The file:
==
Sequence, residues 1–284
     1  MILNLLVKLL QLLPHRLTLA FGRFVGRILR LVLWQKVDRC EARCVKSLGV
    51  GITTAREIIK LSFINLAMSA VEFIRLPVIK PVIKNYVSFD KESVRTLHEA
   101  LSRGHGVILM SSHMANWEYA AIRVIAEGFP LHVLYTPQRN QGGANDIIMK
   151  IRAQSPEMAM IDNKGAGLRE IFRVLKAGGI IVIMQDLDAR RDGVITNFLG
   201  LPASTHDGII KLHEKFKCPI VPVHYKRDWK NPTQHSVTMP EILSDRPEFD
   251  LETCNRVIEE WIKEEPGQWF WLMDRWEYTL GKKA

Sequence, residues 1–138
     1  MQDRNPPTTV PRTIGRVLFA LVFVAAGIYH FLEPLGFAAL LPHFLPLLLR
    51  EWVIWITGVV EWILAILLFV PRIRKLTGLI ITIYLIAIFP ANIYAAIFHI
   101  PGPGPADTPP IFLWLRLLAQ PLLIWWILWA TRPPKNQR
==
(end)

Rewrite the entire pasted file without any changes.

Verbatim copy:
Sequence, residues 1–284
     1  MILNLLVKLL QLLPHRLTLA FGRFVGRILR LVLWQKVDRC EARCVKSLGV
    51  GITTAREIIK LSFINLAMSA VEFIRLPVIK PVIKNYVSFD KESVRTLHEA
   101  LSRGHGVILM SSHMANWEYA AIRVIAEGFP LHVLYTPQRN QGGANDIIMK
   151  IRAQSPEMAM IDNKGAGLRE IFRVLKAGGI IVIMQDLDAR RDGVITNFLG
   201  LPASTHDGII KLHEKFKCPI VPVHYKRDWK NPTQHSVTMP EILSDRPEFD
   251  LETCNRVIEE WIKEEPGQWF WLMDRWEYTL GKKA

Sequence, residues 1–138
     1  MQDRNPPTTV PRTIGRVLFA LVFVAAGIYH FLEPLGFAAL LPHFLPLLLR
    51  EWVIWITGVV EWILAILLFV PRIRKLTGLI ITIYLIAIFP ANIYAAIFHI
   101  PGPGPADTPP IFLWLRLLAQ PLLIWWILWA TRPPKNQR